Now, more than ever before, reconquering reality is crucial, but it is by no means an easy task. We live in fictitious times, as Michael Moore said it when he accepted, in 2003, his Academy award for Bowling for Columbine. Even then, the situation was not even remotely as ominous as it is now, when we live in a post-factual era of “fake news.” In a highly polarized environment, even the most outrageous aberrations suddenly become credible. Nothing is more necessary in these times than skepticism, than distrusting alarmist reports that are too bad or too good to be true. Facebook’s promise of vigilance and oversight is not enough to eliminate propaganda, demeaning information, racist and misogynistic discourse, and other types of fraud. In fact, trusting the criteria used by Mark Zuckerberg’s company to determine what we can and cannot see does not seem like a very promising strategy. In the end, Trump and his commissars will take advantage of every available mechanism to censor critical opinions that they consider indecent, subversive, or unpatriotic. The last thing we need is to give him more resources of repression.
Trump has not concealed his desire to deregulate everything he can. Like other businessmen, he believes that environmental regulations are obstacles to production and trade. Trump’s position regarding global warming has been schizophrenic. On the one hand, he has claimed it is a Chinese conspiracy, and on the other, he has repeated over and over, “I’m not a scientist, but nobody really knows anything,” thus denying the numerous scientific studies that have proven the existence of this threat. The country will step back from the few environmental initiatives that are currently in place. Anticipating this, the Obama administration placed an indefinite ban on oil-drilling in parts of the Atlantic and the Arctic. Trump had yet to take office and oil industry magnates and their lawyers were already looking for ways around this restriction. One of the initiatives that were exposed was the creation of “enemies lists”, like those made famous by Nixon, which included, for instance, all government employees who had publicly stated the need to act responsibly toward the environment.
Among many other things, Trump wants to deregulate banks, financial institutions, and markets, to free them from burdensome commitments such as basic respect for consumers. Purges in public universities can also be expected. Academics linked to corporate interests will be installed in management and administrative positions at institutions of higher learning. Conservative think tanks will proliferate, as will smear campaigns against intellectuals and “political correctness.” Funding for public education and culture will be cut, which is why schools and universities must become front lines of resistance.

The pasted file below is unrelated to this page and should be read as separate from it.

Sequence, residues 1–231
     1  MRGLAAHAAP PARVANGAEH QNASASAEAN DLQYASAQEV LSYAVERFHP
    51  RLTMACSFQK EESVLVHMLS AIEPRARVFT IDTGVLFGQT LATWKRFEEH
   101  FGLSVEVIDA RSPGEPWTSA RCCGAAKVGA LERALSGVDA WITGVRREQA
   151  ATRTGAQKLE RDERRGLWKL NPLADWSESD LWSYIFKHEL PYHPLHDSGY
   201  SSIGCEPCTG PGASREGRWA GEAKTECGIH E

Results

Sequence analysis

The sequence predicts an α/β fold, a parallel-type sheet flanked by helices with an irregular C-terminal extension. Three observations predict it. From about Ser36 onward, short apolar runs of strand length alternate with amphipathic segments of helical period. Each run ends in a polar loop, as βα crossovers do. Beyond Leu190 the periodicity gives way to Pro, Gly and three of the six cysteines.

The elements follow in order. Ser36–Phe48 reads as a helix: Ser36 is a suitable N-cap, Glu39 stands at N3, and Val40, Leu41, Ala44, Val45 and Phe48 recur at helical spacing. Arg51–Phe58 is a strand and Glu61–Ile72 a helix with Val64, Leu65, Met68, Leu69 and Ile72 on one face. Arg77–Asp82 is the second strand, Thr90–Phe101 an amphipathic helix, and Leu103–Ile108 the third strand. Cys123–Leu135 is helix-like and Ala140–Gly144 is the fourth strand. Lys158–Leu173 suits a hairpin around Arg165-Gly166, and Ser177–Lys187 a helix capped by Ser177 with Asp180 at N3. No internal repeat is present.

It is time to go back to the written press, to vindicate in-depth journalism, to put mechanisms back in place to defend democracy and denounce the strategies that Trump and his cabinet are eager to implement in order to benefit corporate America, the great fortunes, churches, and white-supremacy organizations. As Chris Hedges argues, committed and courageous media represent citizens’ most powerful weapon against militarized police repression, a justice system in the Executive branch’s pocket, the fanatical persecution of dissidents and opponents, and the systematic destruction of civil liberties.
In the midst this multi-front catastrophe, the Democratic Party must either reorganize or disappear, in order to give way to an institution that is committed to the interests of the working class and minorities, to the creation of sanctuaries for undocumented immigrants, to the protection of the environment, and to making this compulsive consumer society a civil society once again. This could be achieved with the influence of Vermont Senator and presidential candidate Bernie Sanders, Senator Elizabeth Warren, and Representative Keith Ellison. It is fundamental to break with Clinton’s version of the Democratic Party and its voracious appetite for economic and political support from the elites. It must also become a party again, not just a logo for passing the plate to rich and famous progressives. One thing is clear: if the Democratic Party does not fight to win back the working class and farmers it has betrayed, it might as well disappear, because its role as Republican Party lite is totally redundant. m.